Many Maryland couples opt to move in together either before getting married or with no intention of getting married. This often involves purchasing a home together. When you purchase any property of value, but particularly a home, with another person, there are important legal considerations to keep in mind to protect your financial interests if the relationship ends or your partner dies.
Of course, no one wants to contemplate either of these possibilities. However, failure to do so could leave you facing financial hardship on top of the emotional toll that such a loss would undoubtedly take. No matter how much you may contribute to paying the mortgage or to home maintenance, if your name isn't on the title, you could face an unpleasant legal battle with family members or others.
There are two ways to purchase property with someone else: as tenants-in-common or as joint tenants. Let's take a look at both of those.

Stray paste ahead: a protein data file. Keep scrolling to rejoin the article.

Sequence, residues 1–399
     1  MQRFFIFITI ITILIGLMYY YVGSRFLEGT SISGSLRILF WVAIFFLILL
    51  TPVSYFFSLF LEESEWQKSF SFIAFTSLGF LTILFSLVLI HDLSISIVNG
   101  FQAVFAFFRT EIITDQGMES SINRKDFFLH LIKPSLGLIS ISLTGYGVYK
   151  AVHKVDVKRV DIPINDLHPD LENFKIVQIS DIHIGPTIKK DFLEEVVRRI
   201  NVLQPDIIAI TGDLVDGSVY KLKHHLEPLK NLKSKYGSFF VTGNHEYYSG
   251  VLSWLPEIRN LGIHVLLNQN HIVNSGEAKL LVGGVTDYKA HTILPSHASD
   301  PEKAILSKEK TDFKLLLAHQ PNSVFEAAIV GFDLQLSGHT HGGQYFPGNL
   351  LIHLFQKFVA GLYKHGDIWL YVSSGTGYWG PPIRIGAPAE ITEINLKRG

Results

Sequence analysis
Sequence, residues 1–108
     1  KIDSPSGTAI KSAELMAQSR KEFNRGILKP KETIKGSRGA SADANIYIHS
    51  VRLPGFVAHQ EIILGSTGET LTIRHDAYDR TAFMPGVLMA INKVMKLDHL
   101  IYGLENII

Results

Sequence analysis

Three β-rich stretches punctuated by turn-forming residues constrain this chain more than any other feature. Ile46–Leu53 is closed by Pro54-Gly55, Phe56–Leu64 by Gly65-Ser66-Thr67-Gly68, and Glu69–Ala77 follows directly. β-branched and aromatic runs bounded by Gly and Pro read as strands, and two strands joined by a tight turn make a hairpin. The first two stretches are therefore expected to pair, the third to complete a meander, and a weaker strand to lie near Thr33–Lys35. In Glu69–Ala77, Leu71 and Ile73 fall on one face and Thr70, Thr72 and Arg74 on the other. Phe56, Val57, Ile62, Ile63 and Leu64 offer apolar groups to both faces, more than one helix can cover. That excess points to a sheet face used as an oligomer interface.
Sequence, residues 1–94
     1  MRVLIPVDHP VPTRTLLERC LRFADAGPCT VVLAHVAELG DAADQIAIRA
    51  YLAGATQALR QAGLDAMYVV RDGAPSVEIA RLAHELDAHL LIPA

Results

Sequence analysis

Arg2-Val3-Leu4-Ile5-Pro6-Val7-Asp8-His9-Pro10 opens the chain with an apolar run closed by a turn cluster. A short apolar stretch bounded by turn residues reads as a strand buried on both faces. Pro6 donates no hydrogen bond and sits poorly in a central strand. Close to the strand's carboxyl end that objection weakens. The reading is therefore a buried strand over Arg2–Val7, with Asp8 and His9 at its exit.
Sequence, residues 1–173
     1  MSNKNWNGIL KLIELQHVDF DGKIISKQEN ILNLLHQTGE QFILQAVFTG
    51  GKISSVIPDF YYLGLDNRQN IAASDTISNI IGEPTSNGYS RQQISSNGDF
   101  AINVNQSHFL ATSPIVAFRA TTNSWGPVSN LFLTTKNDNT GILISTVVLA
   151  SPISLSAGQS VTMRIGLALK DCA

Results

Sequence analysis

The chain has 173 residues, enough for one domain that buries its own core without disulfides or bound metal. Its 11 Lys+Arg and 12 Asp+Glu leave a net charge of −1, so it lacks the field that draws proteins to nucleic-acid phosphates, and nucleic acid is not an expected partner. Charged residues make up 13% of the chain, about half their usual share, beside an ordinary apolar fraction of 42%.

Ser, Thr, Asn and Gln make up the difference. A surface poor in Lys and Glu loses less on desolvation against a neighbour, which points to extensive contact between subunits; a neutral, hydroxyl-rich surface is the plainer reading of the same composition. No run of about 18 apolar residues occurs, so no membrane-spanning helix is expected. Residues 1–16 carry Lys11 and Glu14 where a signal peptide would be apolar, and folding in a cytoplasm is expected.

If one of you isn't in the position to pay for half the cost of the property, purchasing it as tenants-in-common may be your best choice. Under this type of ownership, you own whatever percentage of the property you purchase. You are legally entitled to that percentage if your relationship ends or your partner dies.
Joint tenancy, on the other hand, means that the two of you own equal shares of the property. If your relationship ends, you're entitled to half the property's value. If he or she dies, however, you are entitled to the full value of the property under right of survivorship.
If one person is the sole owner of the property, but wants the other partner to have all or a share of it if the relationship ends or in the event of death, legal documents should be drawn up to state that. We've talked here before about so-called "no-nup" agreements that co-habitating couples sometimes draw up to detail their wishes on such matters.
You can also leave your partner your property in your will should you die. An estate plan is important for anyone of any age if you want to control the distribution of your assets after your death. If you and your partner are buying a home or any property of significant value together, you should consult a Maryland attorney for advice and guidance.
Source: FindLaw, " Unmarried Couples and Property - Basics," accessed March 09, 2016